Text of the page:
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Most programming languages model the human beings using the system, as data like any other data. It is only through loose convention and framework level convention that things like authentication and data ownership are dealt with. While flexible, this leads re implementation of things which users of the system expect to just work, and on the main haven't changed much in the past decade.

Are there programming languages which model the user as a fundamental primitive?

When I say user, I do not mean authentication. And any type system which attempted to model users would of course need to be extensible by program authors to tailor to the needs to software products. But like so many languages have things such as tasks, memory, data types, built into the language itself with all of that extensibility available, it seems like we should have a "user role", "user identity" keyword that allows for algebraic expressiveness of what our products demand.

Why should "is the current user / 3rd party which is accessing the data on behalf of the user allowed to access this data for a certain reason" always be implemented in library level code, when this concern is perhaps the most important consideration for any business making its profit off of the manipulation and storage of contracts pertaining to services rendered?

It surprises me that this has not been solved at a language level given its importance.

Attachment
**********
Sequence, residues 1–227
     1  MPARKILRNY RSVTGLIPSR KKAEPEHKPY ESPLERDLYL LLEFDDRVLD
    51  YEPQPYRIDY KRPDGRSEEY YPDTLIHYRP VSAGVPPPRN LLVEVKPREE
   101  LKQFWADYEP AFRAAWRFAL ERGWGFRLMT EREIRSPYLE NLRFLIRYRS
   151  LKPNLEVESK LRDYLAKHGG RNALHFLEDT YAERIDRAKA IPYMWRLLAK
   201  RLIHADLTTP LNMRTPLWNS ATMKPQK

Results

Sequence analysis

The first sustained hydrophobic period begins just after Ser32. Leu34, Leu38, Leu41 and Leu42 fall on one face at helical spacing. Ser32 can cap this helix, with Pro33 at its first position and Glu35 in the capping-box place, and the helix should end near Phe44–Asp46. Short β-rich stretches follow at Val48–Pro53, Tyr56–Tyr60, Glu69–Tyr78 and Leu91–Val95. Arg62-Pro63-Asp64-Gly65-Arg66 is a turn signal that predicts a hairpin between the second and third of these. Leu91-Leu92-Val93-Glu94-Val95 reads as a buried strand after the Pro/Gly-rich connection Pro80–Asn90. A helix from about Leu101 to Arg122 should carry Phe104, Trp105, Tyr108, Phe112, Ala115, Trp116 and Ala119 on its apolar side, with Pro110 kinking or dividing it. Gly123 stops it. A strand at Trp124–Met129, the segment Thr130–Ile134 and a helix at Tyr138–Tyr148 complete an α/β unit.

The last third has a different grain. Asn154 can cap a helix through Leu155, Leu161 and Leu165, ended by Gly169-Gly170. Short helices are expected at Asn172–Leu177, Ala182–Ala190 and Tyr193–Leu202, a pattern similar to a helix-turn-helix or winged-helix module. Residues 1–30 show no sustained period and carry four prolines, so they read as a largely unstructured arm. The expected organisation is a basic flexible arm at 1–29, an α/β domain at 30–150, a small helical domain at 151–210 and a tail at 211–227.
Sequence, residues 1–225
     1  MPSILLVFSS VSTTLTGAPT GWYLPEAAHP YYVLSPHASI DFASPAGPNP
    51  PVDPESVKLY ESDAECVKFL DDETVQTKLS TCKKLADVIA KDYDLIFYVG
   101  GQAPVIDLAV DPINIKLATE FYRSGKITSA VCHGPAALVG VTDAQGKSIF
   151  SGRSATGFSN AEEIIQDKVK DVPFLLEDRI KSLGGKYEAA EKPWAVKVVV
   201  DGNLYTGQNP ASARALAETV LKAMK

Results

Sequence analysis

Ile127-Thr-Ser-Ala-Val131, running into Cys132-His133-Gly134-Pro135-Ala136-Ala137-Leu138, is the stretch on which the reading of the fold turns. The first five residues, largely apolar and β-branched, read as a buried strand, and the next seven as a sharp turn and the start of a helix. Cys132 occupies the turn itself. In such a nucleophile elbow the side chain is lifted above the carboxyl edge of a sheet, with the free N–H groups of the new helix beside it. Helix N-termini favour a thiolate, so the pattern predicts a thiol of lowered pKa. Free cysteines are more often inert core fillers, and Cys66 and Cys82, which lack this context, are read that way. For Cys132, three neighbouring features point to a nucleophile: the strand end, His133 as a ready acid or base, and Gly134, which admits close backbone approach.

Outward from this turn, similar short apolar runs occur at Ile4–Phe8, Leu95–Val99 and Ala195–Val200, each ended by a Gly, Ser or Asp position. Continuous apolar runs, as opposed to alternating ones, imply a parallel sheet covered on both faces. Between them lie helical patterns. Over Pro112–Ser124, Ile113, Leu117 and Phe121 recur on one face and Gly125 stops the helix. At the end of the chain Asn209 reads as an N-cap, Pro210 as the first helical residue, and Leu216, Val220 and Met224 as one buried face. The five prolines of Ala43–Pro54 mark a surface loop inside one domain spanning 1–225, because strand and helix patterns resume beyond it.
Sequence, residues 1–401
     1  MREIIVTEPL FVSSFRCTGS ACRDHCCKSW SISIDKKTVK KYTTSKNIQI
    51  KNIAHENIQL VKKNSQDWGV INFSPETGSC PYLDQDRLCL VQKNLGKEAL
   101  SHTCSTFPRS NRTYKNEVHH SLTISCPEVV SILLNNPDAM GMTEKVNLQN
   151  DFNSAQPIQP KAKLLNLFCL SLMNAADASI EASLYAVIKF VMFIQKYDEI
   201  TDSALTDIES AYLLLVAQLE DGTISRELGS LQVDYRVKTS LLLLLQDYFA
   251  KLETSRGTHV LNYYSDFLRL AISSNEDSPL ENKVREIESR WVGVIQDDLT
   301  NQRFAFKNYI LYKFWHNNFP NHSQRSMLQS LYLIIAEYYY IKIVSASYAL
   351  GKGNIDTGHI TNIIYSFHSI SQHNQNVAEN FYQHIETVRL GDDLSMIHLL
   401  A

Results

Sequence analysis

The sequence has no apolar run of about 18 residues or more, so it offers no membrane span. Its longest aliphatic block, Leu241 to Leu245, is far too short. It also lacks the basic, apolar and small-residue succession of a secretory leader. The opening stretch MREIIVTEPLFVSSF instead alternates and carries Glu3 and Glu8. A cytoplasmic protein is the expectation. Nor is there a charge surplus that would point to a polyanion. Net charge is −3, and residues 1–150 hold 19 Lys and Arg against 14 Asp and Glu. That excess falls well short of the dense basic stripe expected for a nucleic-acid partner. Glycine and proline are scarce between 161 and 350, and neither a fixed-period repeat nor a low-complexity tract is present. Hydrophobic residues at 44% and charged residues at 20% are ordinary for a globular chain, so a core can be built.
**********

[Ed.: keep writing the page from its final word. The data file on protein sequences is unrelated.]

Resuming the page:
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    $\begingroup$ Authentication mechanisms have changed rather a lot in the last decade and will continue to change in the next decade. Besides the rise of 2FA, fingerprint and face authentication, password managers, hardware keys and OTP, we have much better password hashing algorithms, and we now understand that it's counterproductive to force users to change periodically their password. Best practices change, and passwordless authentication is most likely going to get more common. $\endgroup$
    – kaya3
    Commented Apr 29 at 1:47
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    $\begingroup$ More generally, if the language favours a particular model of the user, then it will only be useful for writing programs where that model is both accurate and reasonably complete. A model of human users won't be very well-suited for writing APIs, for example; rather a lot of code has no (direct) human user at all, it is used by other code. $\endgroup$
    – kaya3
    Commented Apr 29 at 1:50
  • $\begingroup$ PostgreSQL roles and privileges. Roles are PostgreSQL's concept of users or groups, and the database actions they may perform can be restricted, including preventing users from modifying tables others have created (ownership). This question suggests that these permissions don't natively extend to individual rows, but you can even do that using triggers (albeit this goes back to re-implementation). $\endgroup$
    – tarzh
    Commented Apr 29 at 2:48
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    $\begingroup$ I think you need to edit the question with some more details of what it means to model the users as language constructs; at the moment it's not clear what sorts of language feature might fit within that description, and one of the obvious possibilities has just been ruled out. Either examples of what that would entail, or a direct description of the perimeter of what you're thinking of, could make that work. $\endgroup$
    – Michael Homer
    Commented Apr 29 at 3:43
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    $\begingroup$ What would ‘human being’ mean for a microservice?  A script?  A web service?  A GUI application under the control of an automated test suite?  A GUI app accessed over a remote desktop?  A cron job?  A stored function in a database?  A program launched by a human but running in the background?  What could you model that would be simple enough to cover many of those cases, but still be complex enough to be worth doing? $\endgroup$